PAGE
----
One of the top family travel suggestions we always share with readers is to be prepared for your upcoming trip. Now is the time to start planning for your family summer vacation. If you are considering traveling abroad with your children and they do not already have a passport, this is something you need to address now. A passport is necessary anytime when traveling outside the United States at any age as an American citizen. There is a process involved and so it is important to familiarize yourself with how obtain a passport and the timeline involved so that your summer plans go smoothly.
The United States Department of State has a wonderful website dedicated to helping citizens learn how to apply for a passport (http://travel.state.gov/content/passports/english/passports.html). It explains many aspects of the process; most importantly it identifies which individuals can apply for a passport by mail or in person. For children under the age of 16, no matter if it is a first time application or renewal they must apply for their passport in person with their parents or guardians present. A United States passport for children under the age of 16 is valid for 5 years so it is very likely that you may have to renew your little ones passport at some point and will have to do so in person. If both of the parents or guardians cannot be present they should provide consent in writing so that it is documented they approve of the application. Locations for applying for a passport are provided on the State Departments website. One of the most common and accessible locations to apply is from your local post office. Not every post office provides this service, however you can contact the postal service to find out if they do.
The day of your passport application submission, you will need to include a number of items to properly identify your child and yourself. According to the Department of States website, you will need to have with you evidence of U.S. Citizenship; evidence of parental relationship; photo identification; parental consent; passport photo; application forms; passport fees. More in depth explanations of each of these areas is also provided at http://travel.state.gov/content/passports/english/passports/under-16.html to guide this process. There are elements of this process you can complete ahead of your visit such as passport photo. This may be a good idea if your children are very young because you can feel free to take your time during the photo process rather than feeling stressed about running out of time during your appointment. Many establishments provide passport photos; some are more willing than others to provide convenient service to young babies. From experience, a general pharmacy that provides passport photos can be a good family friendly place to have your pictures taken. Laying your baby down on a big sheet of white paper might be more convenient than attempting to lift your child with the white screen behind you.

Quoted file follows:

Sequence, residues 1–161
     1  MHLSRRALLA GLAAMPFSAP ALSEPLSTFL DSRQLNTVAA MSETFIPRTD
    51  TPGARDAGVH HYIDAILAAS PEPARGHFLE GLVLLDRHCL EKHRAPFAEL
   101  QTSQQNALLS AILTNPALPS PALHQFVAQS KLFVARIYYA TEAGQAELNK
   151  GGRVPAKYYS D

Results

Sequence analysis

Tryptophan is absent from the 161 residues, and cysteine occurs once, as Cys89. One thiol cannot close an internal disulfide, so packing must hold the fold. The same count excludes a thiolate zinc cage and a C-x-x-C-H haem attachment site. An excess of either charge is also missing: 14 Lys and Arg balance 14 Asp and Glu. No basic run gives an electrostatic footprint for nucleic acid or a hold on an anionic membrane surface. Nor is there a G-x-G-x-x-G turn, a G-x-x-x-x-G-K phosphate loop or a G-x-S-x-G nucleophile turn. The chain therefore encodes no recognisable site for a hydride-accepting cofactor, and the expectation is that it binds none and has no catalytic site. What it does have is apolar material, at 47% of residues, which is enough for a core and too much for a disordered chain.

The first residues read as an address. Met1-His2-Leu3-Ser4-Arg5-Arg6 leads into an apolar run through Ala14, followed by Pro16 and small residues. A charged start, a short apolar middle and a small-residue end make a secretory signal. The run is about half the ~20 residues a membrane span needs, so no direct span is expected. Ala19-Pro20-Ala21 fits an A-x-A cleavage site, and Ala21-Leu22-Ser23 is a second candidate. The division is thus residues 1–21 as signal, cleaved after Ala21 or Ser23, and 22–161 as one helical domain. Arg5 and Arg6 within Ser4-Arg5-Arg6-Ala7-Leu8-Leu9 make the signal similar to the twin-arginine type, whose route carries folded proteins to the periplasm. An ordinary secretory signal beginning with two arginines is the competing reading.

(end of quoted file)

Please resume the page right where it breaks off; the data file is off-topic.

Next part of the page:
Once you have arrived at your appointment and submitted your paperwork for your passport application you will need to make a payment for submission. Minors have a different fee than adults. In addition, there is a general fee and an expedited fee if you would like to have your passport processed faster. There are also a number of fees related to special services that arise in certain applications for a full list of fees, please visit the State Department passport page. After your payment has been made you have completed the process of applying for a passport for your child. Now you will just need to wait for it to be returned to you by mail. If you have any questions or concerns during the time your application is being processed you can always contact The National Passport Information Center at 1-877-487-2778.
Applying for a passport on behalf of your child is a wonderful and exciting step in family travel. It opens the opportunity to traveling abroad, exploring new places and cultures. We hope that you will have a beautiful summer vacation filled with many adventures.